I love cash. As an investor, nothing makes me happier than a company that returns money to shareholders, rather than spending it recklessly on a CEO's pet projects or an ill-fated acquisition. Historically, investors have often looked at a stock's dividend yield to identify these shareholder-friendly enterprises. But I prefer a slightly different metric -- one proven to further maximize investor returns.

A 2007 study in The Journal of Finance suggests that investors should also factor net share repurchases into the equation, through a metric called the net payout ratio. According to the authors of the study, this ratio not only identifies companies that are paying back investors, but also predicts future equity returns better than the dividend yield.

Let's crunch the numbers
To find the net payout yield, start by adding up all the cash the company spends on both dividends and share buybacks. Next, subtract its share issuances. Finally, divide the resulting number by the company's current market cap.

The ratio that you end up with represents the percent of each invested dollar that a company is returning to shareholders. This simple calculation handily allows us to adjust for shares issued through employee stock options and other forms of shareholder dilution. Some companies will spend a lot of money buying back shares just to counteract the dilutive effect of their stock compensation programs, without creating any value for shareholders.

Here are the net payout yields for a few companies in the biotechnology industry:


Net Payout Yield (TTM)

Dividend Payments (TTM)

Net Share Repurchases (TTM)

Market Cap

Gilead Sciences (Nasdaq: GILD)





Amgen (Nasdaq: AMGN)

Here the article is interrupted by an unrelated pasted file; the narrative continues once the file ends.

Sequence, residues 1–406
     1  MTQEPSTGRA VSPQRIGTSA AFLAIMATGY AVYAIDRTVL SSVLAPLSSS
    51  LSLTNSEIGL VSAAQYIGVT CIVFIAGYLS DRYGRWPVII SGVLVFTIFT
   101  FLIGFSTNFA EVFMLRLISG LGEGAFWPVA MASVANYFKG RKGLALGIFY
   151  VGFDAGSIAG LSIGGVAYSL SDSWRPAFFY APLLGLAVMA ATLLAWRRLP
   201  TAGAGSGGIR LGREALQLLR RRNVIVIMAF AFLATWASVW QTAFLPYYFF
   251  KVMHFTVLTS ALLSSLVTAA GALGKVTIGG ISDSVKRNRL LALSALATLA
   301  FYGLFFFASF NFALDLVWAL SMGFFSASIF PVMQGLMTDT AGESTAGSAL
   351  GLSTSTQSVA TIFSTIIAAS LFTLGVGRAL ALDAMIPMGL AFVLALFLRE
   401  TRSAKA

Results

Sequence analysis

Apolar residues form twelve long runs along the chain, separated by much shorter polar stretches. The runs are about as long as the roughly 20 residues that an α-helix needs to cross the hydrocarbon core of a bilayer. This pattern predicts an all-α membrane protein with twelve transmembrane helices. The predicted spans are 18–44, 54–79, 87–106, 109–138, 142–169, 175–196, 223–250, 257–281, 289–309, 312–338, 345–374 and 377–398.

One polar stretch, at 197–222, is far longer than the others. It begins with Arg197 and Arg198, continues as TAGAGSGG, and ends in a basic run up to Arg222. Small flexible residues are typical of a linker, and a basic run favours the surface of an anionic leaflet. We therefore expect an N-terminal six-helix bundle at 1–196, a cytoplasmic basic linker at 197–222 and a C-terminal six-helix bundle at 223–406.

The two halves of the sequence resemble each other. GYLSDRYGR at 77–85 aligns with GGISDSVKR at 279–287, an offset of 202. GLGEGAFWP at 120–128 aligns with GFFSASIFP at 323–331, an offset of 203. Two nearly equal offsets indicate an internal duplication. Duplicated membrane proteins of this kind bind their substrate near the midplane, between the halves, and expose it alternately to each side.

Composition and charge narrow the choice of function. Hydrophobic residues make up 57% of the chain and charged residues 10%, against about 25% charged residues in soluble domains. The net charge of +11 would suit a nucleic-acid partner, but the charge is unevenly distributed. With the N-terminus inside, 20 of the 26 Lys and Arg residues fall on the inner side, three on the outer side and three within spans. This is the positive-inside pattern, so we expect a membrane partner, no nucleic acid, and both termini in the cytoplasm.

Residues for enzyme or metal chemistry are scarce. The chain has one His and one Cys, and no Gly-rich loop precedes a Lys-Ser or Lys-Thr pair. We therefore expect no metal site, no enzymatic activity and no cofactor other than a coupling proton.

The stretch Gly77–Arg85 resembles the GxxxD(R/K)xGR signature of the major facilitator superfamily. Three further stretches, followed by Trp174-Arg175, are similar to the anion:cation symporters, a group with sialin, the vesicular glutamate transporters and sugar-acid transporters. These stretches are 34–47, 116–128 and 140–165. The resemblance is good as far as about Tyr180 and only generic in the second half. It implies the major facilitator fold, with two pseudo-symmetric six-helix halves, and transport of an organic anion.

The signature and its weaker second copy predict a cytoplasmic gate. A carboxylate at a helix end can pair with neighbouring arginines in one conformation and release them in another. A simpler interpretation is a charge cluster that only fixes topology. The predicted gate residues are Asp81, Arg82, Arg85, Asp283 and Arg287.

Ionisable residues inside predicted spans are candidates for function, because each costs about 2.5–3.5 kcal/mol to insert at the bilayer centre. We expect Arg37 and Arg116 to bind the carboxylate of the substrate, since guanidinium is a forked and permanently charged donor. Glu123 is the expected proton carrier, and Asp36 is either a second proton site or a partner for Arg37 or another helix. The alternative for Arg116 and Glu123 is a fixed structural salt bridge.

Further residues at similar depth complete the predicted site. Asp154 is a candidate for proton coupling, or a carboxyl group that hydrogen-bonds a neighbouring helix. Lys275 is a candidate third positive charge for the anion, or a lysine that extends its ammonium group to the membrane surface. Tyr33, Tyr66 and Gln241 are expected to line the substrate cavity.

Genzyme (Nasdaq: GENZ)





Biogen Idec (Nasdaq: BIIB)





Dendreon (Nasdaq: DNDN)





Source: Capital IQ, a division of Standard & Poor's. Payout yield is author's calculation. All dollar figures in millions. TTM = trailing 12 months. Data as of close of Aug. 18.

Because of the nature of biotech companies, they rarely pay dividends. In fact, none of the above pay one, so the net payout yield is due exclusively to net share repurchases.

How powerful is this payout?
Based on the analysis above, with the exception of Dendreon, all the companies look like potential buys for investors searching the biotechnology industry for a stock with a net payout yield.

Keep in mind that this data only looks at trailing-12-month numbers, so it does not correct for recent changes in a company's dividend or buyback policy. While dividends tend to remain fairly stable, share buybacks can vary substantially from year to year. Investors should also look at a company's dividend payout ratio to make sure the dividend is sustainable, and examine historical buyback patterns to ensure that the buybacks aren't a one-time event. If you can build a diversified portfolio with a few of these high-yielders, healthy returns -- and plenty of that cash -- are likely to follow.